In Nature this week

March 16, 2007

The latest issue of Nature is a Linnaeus special issue:

Linnaeus himself sought a universal classification of all creation, animal, vegetable and mineral. His categorizations were not uniformly valuable, but his systematic spirit, his stress on the concept of species, and the formal but adaptable conventions of nomenclature he introduced have endured. Nature is glad to celebrate his legacy in this special issue.

John Whitfield writes about the need for geneticists and evolutionary biologists to work together in updating the tree of life; Emma Marris writes on the legacy of Linnaeus and conservation; Brendan Borrel asks if amateur naturalists are bad for science; Henry Nicholls writes about Linnaeus, the anatomist and pet keeper:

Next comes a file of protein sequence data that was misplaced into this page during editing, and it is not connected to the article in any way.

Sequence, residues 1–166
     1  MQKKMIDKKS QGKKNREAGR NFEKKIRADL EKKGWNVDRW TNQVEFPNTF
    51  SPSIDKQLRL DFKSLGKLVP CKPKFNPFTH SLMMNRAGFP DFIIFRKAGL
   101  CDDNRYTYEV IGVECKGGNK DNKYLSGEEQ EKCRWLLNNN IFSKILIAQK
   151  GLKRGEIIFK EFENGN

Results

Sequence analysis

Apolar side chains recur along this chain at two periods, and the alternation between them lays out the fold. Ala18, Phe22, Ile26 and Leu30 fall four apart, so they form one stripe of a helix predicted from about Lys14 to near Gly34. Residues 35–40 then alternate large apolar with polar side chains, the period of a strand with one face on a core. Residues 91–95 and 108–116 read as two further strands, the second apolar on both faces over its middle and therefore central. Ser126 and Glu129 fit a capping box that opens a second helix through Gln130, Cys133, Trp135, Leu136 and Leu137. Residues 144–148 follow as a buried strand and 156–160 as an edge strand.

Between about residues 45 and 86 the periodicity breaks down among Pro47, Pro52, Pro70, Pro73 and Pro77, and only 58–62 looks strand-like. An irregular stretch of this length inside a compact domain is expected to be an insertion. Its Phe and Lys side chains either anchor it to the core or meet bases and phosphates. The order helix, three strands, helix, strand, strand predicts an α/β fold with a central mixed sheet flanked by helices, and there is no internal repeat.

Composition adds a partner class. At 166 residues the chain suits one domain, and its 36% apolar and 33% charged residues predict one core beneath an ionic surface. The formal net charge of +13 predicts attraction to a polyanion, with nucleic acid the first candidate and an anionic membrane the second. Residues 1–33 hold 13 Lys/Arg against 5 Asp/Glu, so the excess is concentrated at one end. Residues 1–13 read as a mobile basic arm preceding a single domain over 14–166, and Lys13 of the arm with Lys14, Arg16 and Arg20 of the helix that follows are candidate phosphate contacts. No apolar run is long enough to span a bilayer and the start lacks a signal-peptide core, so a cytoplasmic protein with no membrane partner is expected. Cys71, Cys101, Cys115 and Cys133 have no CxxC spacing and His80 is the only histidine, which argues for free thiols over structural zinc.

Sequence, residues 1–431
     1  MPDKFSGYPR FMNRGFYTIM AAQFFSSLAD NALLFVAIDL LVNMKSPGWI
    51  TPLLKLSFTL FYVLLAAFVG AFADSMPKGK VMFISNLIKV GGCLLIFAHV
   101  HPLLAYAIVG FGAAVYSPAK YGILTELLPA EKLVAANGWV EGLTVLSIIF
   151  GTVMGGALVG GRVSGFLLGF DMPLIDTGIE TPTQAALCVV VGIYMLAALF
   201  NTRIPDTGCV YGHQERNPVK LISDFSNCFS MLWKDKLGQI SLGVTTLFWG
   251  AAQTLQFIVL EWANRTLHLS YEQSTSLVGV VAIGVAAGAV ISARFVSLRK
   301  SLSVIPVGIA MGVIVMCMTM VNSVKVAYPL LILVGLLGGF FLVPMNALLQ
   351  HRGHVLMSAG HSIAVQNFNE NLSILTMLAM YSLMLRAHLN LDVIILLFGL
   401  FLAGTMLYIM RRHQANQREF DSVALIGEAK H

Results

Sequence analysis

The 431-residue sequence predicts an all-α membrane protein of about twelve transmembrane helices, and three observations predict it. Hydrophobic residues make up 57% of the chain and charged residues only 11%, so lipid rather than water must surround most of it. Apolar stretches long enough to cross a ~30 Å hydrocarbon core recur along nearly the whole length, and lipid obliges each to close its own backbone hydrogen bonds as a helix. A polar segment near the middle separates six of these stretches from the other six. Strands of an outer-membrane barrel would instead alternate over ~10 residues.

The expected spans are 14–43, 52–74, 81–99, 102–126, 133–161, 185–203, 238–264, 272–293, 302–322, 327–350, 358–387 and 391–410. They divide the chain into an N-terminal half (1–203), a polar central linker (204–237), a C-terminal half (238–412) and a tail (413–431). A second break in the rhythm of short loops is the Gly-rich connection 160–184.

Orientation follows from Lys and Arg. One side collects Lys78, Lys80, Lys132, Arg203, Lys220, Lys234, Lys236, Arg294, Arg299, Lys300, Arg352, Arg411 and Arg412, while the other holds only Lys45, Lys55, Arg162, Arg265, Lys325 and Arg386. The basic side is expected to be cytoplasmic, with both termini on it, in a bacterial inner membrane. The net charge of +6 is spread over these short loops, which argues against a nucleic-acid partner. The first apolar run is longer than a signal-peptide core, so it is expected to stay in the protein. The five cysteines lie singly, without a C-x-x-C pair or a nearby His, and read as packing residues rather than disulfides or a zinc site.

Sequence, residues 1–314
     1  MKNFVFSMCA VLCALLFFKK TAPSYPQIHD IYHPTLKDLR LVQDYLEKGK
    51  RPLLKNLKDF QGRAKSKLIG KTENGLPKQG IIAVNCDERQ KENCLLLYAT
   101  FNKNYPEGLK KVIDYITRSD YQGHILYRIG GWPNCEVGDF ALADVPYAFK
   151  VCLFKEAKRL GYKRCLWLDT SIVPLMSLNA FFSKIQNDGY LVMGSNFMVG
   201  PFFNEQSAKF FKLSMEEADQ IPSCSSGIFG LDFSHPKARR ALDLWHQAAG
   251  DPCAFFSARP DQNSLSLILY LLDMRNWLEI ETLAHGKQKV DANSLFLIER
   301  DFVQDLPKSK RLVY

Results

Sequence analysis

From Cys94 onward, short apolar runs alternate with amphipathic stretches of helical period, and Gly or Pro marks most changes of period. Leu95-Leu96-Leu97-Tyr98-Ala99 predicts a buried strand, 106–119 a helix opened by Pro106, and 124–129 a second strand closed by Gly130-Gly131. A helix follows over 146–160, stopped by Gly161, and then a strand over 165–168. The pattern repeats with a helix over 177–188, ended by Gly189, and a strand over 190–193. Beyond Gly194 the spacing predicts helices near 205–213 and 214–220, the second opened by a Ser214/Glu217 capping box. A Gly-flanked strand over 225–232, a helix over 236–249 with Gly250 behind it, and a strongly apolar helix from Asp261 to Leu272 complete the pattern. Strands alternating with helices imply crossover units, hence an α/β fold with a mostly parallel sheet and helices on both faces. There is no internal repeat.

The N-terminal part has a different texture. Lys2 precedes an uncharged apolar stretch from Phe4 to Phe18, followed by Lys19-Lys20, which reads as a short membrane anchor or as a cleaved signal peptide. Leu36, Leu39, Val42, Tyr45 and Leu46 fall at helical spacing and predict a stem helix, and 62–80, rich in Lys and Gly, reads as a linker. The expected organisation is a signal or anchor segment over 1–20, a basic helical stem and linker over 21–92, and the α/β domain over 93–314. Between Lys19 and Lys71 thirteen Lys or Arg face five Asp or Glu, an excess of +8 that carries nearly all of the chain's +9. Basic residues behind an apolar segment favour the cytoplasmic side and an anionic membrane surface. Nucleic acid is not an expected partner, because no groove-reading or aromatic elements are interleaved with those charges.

Not many people would respond to the death of a pet by dissecting it. But Carl Linnaeus was an exceptional man.

H C J Godfray Jr., asks about the relationship of taxonomy to the rest of biology; in the process, he has some interesting observation to make:

Linnaeus would have been a ‘techie’, exploiting the Internet and other modern means of coordinating data.

In a similar vein, Sandra Knapp et al argue for purely web based taxonomies; in a bit of interesting science history, Staffan Mueller-Wille lets us in on a secret known only to botanists:

Carl Linnaeus’s use of erotic language to describe plants ultimately helped him to recruit a global network of specimen collectors.

So, there is not much of materials science for me to write about this week; but, a biological break is nice too — Have fun!


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